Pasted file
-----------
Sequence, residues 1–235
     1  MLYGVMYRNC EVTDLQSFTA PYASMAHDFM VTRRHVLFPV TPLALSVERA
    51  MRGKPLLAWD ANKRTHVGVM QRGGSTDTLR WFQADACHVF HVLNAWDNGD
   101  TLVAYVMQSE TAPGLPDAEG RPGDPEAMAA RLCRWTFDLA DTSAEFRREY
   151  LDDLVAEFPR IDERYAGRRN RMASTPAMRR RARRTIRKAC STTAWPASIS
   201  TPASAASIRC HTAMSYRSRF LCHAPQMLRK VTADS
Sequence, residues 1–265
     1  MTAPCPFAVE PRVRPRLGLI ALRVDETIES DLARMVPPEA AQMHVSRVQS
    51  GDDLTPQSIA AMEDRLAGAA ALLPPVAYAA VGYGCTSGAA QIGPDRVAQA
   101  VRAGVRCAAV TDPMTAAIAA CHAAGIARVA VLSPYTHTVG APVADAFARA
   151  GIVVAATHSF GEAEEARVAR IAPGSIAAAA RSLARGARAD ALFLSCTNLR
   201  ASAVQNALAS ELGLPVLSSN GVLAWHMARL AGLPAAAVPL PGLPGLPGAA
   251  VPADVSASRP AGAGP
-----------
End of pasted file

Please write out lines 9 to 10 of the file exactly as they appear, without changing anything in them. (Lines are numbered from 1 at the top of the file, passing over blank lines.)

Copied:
    51  GDDLTPQSIA AMEDRLAGAA ALLPPVAYAA VGYGCTSGAA QIGPDRVAQA
   101  VRAGVRCAAV TDPMTAAIAA CHAAGIARVA VLSPYTHTVG APVADAFARA